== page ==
As the cap and gown are hung in the closet and the diploma is mounted on the wall, graduating high school students celebrate graduation and look forward to the days of summer. These sunny months are also a time of transition as students prepare for the next phase of their lives, and for many this means heading to university or college.
When I was a student, the summer months meant balancing work and play. I worked most summers to help pay for my tuition, and have my own spending money. Summer was also my time to try out a few different things -- what jobs I might like come graduation or a dream summer job. But taking advantage of downtime was also important. How? I tried to schedule a week of holidays with friends before starting the coming school year, fun on the weekends and gave myself a little more going out time during the summer break.
Summer continues to play a transition role for me today. Whether it's my son transitioning into Gr. 1 or my current situation as I settle into my new job as Director of Student Banking at RBC. Reflecting back on my summers as a student, I realize that while change in any capacity can be challenging, it is an exciting time to embrace new possibilities as well.
Did you know, Statistics Canada reports that more than 2 million students are enrolled in post-secondary education? That's a lot of transitioning. If you're one of the students on that path, or the parent of one heading in that direction, here are some tips to help make the transition successful transition.
Take a break
You've worked hard over the past 12+ years so take a well-deserved break. Celebrate with high school friends you may not see come September.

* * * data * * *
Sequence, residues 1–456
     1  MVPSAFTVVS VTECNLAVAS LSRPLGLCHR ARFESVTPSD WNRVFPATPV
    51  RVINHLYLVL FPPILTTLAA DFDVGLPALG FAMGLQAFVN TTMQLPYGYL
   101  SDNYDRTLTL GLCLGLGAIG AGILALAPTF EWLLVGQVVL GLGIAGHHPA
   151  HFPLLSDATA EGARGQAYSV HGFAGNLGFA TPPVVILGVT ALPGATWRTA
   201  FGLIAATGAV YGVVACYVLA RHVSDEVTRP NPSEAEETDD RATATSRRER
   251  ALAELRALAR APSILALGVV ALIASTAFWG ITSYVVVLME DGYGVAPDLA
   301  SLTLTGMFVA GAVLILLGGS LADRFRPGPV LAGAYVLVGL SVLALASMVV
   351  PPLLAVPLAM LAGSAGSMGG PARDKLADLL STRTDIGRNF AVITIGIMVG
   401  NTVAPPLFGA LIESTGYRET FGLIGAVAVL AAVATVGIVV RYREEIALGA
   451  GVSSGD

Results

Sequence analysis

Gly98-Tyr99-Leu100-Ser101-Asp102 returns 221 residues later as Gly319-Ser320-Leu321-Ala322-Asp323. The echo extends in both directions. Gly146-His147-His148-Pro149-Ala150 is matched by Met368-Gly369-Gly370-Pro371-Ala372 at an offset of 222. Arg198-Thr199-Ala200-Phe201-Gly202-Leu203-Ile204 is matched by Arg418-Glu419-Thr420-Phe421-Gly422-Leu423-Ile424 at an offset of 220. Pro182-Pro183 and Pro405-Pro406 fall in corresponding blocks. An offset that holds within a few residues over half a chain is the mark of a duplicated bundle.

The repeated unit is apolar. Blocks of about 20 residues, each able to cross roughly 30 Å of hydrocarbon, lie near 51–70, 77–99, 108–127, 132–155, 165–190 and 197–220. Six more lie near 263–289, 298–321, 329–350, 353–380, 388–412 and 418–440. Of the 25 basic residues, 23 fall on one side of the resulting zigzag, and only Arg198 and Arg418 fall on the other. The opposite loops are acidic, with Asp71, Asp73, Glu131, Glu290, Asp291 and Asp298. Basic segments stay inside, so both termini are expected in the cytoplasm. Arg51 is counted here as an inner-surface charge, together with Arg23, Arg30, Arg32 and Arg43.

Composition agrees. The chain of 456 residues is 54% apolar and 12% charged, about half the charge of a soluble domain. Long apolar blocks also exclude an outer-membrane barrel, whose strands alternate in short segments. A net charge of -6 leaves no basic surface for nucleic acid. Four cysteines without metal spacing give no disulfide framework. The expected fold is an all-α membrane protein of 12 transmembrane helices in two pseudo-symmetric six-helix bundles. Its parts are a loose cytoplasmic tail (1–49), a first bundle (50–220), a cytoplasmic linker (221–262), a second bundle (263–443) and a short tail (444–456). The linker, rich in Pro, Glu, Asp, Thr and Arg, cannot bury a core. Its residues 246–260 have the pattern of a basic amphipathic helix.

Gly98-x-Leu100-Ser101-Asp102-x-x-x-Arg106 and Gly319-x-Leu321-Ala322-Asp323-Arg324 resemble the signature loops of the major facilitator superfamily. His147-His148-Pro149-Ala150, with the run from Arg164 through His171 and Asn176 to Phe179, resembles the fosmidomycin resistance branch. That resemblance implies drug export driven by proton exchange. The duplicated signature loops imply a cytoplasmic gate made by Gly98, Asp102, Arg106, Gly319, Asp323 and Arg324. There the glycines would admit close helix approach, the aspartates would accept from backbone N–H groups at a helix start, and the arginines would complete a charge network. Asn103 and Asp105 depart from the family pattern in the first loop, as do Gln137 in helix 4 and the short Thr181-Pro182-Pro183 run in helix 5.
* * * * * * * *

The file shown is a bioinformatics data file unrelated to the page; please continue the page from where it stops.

Create a financial plan
If you're going away to school, this may be the last time you will be living at home. Discuss your new independence and responsibilities. If you're living at home next year, it may be time to show you're financially prepared and independent.
Calculate how much money you will need for the school year -- everything from large expenses such as tuition and housing, to living expenses including groceries, transportation, technology and entertainment. Don't forget the hidden or unexpected costs -- like laundry detergent and toilet paper. And the fun costs like going out with friends, holidays or a new pair of shoes. Determine who will be paying for which items.
Shop early for school
The summer will go by quickly and while shopping is often fun for us, avoid stress by shopping early. Make a list of the items you need -- from clothes to technology, school supplies, and accessories for your dorm room -- and decide how much you have to spend. The back-to-school sales are starting earlier each year, so you can do research online to compare prices, track costs, and exercise responsible spending.
Take a tour of your new environment
For many students, going to college or university may be the first time they've lived away from their families and that means a new and unfamiliar environment. Schedule time during the summer to take a tour of your new school and city. Check out the local transportation so you know how to get around as well as where you will do your shopping, banking and other activities. I think it's worth attending your school's orientation -- to meet new people, and find a few tips and tricks to student life. It's another great way to make sure it's a smooth transition.
No matter where you will be in September, the summer months are the perfect time to take advantage of a more relaxed routine to recharge your batteries and plan for the many new opportunities in the coming months.
If you've graduated high school this year, how are you spending your summer? How are you preparing for the next chapter of your life? I'd also like to hear if there is anything you feel unprepared for as you move into the next phase. Please share your comments below or tweet us @RBC_Canada #StudentsGetMore
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